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WHITE V. ARONSON, 302 U. S. 16 (1937)

U.S. Supreme Court

White v. Aronson, 302 U.S. 16 (1937)

White v. Aronson

No. 20

Argued October 20, 1937

Decided November 8, 1937

302 U.S. 16


1. The term "games," as used in § 609, of the Revenue Act of 1932, does not include jigsaw picture puzzles. P. 302 U. S. 17.

This section, headed "Tax on Sporting Goods," imposes a manufacturer's sales tax on a wide variety of articles used in sports and games, named specifically, and generally on "games and parts of games," "and all similar articles commonly or commercially known as sporting goods."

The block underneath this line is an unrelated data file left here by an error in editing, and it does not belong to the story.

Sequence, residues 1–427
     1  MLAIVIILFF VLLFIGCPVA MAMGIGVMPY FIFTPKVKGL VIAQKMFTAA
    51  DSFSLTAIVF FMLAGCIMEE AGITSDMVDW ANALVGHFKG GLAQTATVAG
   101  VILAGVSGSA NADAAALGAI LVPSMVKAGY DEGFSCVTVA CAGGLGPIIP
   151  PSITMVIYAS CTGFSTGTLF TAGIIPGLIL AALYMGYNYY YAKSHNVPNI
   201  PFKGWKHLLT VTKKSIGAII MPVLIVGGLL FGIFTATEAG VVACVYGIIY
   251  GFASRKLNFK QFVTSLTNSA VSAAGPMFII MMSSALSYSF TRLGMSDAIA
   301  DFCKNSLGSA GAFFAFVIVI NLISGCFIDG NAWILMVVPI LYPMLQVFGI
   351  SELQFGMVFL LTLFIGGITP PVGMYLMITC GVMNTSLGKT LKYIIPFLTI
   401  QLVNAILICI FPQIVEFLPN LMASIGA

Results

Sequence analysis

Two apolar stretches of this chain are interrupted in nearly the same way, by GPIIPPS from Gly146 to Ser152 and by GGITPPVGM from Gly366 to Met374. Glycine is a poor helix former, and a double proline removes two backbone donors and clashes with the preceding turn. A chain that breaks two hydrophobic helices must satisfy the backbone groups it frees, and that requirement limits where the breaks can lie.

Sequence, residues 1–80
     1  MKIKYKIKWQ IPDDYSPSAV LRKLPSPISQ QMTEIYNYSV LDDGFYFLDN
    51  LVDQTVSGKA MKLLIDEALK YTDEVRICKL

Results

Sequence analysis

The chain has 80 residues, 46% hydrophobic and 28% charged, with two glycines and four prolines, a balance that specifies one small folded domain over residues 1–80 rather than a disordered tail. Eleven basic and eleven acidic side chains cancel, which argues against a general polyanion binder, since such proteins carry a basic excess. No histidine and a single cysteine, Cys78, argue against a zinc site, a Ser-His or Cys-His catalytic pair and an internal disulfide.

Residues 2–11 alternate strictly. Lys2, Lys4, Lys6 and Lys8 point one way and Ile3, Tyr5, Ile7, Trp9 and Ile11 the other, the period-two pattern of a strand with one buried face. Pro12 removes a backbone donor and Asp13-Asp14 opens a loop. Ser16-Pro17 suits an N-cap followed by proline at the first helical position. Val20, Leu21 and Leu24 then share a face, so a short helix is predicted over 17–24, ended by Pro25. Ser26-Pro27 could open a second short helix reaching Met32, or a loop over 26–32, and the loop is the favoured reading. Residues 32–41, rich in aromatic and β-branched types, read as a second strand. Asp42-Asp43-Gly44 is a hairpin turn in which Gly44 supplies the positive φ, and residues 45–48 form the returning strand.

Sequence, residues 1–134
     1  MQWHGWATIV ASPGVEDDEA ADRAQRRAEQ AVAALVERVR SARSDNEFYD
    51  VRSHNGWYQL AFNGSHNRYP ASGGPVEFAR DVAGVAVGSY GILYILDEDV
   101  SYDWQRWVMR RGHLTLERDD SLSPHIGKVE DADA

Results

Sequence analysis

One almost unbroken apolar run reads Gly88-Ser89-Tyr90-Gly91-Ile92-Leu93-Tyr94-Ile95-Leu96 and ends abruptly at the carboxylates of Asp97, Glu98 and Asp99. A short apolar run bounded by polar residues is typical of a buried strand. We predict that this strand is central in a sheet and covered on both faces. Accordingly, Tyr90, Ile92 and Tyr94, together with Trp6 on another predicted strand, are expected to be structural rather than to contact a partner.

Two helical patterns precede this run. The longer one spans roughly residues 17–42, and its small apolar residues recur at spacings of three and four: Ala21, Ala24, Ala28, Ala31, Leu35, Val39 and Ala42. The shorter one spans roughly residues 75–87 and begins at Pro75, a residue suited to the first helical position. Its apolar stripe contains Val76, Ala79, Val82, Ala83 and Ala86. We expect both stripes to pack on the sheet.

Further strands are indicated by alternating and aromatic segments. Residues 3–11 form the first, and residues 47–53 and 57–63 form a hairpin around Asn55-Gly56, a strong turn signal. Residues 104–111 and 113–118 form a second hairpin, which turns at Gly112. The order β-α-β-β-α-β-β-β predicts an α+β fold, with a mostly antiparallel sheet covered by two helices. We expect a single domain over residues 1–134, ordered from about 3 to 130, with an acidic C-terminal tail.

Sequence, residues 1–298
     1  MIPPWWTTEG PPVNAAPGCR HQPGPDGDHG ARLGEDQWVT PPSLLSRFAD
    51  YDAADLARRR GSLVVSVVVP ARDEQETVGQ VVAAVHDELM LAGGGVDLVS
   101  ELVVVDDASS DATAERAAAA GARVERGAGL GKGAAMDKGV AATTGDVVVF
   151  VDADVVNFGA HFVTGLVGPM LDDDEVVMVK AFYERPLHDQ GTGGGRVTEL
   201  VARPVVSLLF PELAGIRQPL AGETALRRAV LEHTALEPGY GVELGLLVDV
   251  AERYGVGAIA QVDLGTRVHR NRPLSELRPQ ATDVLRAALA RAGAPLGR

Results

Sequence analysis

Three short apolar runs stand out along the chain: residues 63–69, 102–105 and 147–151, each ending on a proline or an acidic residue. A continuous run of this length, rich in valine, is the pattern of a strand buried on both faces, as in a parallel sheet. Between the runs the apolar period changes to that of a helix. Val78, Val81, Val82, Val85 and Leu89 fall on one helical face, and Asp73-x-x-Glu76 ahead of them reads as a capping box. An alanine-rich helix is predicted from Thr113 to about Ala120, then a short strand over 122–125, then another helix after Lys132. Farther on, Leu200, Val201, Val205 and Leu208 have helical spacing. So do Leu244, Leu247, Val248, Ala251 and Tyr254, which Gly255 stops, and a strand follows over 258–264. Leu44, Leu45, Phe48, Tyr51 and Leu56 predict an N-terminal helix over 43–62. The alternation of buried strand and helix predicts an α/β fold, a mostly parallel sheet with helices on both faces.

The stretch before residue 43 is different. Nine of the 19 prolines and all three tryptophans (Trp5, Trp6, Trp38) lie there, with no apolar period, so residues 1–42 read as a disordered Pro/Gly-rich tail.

2. It is to be presumed that Congress, in enacting § 609 of the Revenue Act of 1932, was aware that, under earlier like provisions, no tax assessments were laid on sales of puzzles, and that Congress knew that, in litigation over the question, there was proof that, in commercial usage, jigsaw puzzles were never regarded as games, but a recognized distinction was made between games and puzzles. P. 302 U. S. 20.

3. Where there is a reasonable doubt as to the meaning of a taxing act, it should be construed most favorably to the taxpayer. Id.

87 F.2d 272 affirmed.

Page 302 U. S. 17

Certiorari, 301 U.S. 675, to review a judgment reversing a judgment of the District Court, 13 F. SUPP 913, in an action, tried without a jury, to recover money paid as taxes.

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